“Once upon a time there were three little foxes Who didn’t wear stockings, and they didn’t wear sockses, But they all had handkerchiefs to blow their noses, And they kept their handkerchiefs in cardboard boxes.” – A. A. Milne
The men in our family have always carried handkerchiefs. Not the fancy silk models perfectly placed to impress, but the functional variety kept at the ready for work.
These simple squares of fabric offer more than the obvious benefits. They can hold back your wife’s tears at a wedding, clean ice cream off a grandchild’s cheek, and polish your glasses – as well as make-do as a sling, tourniquet, bandage, signal flag, washcloth. It’s a long list.
Mine was always washed, ironed, and folded then waiting next to my lunch box so I would’t forget either as I set off on my walk to school.
My mother had installed this ritual for my life the day she caught dad without his at church. Dad and his friends were visiting under a tree when he needed to blow his nose. I’d seen him do it before, he pressed the outside of his thumb against one nostril, tilted his head, then blew.
“K.B. – that’s disgusting,” were her words as she headed for the car. She added, “How could you forget?”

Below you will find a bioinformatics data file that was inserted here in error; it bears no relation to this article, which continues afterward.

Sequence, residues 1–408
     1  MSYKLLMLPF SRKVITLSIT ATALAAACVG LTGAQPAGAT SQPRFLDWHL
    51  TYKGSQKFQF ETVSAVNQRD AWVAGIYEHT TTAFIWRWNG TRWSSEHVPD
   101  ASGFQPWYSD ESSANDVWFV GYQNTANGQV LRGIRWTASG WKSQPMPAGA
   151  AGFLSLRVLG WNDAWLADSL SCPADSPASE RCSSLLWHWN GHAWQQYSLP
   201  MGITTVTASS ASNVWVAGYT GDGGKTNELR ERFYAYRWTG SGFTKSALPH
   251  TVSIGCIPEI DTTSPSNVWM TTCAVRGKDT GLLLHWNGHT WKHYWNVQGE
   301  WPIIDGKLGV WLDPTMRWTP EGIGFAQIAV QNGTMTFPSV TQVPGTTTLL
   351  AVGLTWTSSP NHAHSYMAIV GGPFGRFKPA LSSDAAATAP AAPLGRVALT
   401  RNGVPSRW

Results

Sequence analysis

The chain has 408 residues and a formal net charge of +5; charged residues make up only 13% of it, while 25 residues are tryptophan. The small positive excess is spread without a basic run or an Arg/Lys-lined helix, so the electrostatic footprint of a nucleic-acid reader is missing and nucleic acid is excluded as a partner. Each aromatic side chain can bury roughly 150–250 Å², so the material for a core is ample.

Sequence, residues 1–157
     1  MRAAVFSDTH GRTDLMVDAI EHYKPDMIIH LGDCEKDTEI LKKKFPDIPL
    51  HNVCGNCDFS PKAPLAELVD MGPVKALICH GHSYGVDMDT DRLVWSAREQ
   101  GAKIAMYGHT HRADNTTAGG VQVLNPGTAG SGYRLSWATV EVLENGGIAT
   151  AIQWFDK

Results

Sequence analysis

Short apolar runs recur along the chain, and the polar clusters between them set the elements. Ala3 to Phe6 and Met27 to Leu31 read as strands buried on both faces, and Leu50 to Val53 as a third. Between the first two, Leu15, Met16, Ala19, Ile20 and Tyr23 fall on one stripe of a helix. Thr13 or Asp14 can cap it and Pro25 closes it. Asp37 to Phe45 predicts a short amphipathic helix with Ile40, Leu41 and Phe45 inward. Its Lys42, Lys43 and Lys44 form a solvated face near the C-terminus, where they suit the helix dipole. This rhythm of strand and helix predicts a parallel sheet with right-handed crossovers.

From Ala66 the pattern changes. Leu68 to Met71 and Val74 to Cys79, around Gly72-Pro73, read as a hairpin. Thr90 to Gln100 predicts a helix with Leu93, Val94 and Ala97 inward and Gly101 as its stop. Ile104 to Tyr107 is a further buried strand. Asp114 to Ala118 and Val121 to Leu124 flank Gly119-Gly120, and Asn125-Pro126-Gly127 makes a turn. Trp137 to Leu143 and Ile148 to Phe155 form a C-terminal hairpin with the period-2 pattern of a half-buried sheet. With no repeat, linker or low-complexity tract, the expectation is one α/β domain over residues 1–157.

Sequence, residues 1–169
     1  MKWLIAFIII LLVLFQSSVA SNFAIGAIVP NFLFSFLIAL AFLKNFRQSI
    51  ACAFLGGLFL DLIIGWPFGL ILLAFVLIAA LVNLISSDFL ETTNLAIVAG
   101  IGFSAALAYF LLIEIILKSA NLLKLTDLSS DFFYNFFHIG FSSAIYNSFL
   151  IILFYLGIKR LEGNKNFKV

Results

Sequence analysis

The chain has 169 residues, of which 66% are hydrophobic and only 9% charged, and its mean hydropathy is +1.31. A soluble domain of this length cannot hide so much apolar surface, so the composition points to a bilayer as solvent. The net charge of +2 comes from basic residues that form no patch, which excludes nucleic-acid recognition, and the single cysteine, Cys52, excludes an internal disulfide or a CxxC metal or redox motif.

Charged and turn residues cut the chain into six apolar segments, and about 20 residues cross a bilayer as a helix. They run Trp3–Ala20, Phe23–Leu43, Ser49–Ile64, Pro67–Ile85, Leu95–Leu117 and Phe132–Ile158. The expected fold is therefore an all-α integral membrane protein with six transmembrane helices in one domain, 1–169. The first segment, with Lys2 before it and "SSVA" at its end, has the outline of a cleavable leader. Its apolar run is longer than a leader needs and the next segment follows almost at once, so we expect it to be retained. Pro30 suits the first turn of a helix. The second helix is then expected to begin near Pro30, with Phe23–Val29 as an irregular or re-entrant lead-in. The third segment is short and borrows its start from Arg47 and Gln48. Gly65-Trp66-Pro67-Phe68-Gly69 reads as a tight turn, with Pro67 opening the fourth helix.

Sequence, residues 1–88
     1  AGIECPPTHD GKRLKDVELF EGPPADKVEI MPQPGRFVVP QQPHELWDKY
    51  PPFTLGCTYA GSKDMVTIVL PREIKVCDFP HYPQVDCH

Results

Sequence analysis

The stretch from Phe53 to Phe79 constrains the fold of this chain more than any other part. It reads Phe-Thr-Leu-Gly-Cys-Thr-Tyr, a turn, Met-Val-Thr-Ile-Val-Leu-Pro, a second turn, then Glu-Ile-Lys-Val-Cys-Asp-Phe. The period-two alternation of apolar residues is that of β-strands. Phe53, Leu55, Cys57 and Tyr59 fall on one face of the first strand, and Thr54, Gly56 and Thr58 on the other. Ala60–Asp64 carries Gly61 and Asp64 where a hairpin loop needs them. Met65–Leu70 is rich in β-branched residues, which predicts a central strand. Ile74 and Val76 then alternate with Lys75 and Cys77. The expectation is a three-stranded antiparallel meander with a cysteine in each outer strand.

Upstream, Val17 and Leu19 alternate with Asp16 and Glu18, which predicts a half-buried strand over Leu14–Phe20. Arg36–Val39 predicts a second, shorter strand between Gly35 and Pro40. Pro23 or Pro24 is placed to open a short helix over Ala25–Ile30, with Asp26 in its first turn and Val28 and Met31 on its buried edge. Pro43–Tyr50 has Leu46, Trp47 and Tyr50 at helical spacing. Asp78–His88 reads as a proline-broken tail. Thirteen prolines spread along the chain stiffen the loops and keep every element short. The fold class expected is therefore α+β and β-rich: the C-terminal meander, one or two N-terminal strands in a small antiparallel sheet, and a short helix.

From then on, a handkerchief was now placed on my list of required essentials for any gentleman, along with my wallet, keys, and a pocketknife.
Later, the white permanent-press phase began as ironing was too big a chore for this guy on the move.
Now, in retirement, some of my old childhood bandanas are back. I don’t iron them like mom would have done, but at least they’re clean, folded, and ready.
Last month, while taking a nap, one of the oldest and most cherished fell out on my sofa. When I woke and saw it there I had this crazy idea. I smoothed it out and laid it over the throw pillow I’d never liked. It was perfect,
I could recover the pillow plus brighten the room, all with old childhood bandanas and their memories.
The folks at the shop, where I went for help, had never seen anything like “that” done before. Their customers wanted fancy fabric with fringe and tassels, not old bandanas.
“Too thin and faded,” was their verdict after a thorough examination. They needed something stronger for this job.
Google found my Hav-A-Hanks and now in even more colors than I remember. I ordered too many perhaps, but at just a few bucks a pop, I got carried away.
Now I have a bonus. I’ll get to redecorate more often. Using two at a time, I can change with the seasons. Red and green for Christmas, pink and blue come out in the Spring, earth tones for Fall … Voila … a new room with just a flip and a flop.
See what you started dad? If you had followed the rules, with your handkerchief ready that Sunday, all this would have never happened.
I’d be just another guy taking a tissue from his wife’s bag or cleaning his smudged glasses with his tie.
What’s in your pockets? Do you have a check list before leaving the house?
Tell me what you carry? And not just you guys, what do you gals carry in those big bags?
As always, the conversation starts here.
In this classic short, you’ll find a use for a handkerchief that was not on my list. Take a look at what Spanky and Alfalfa came up with.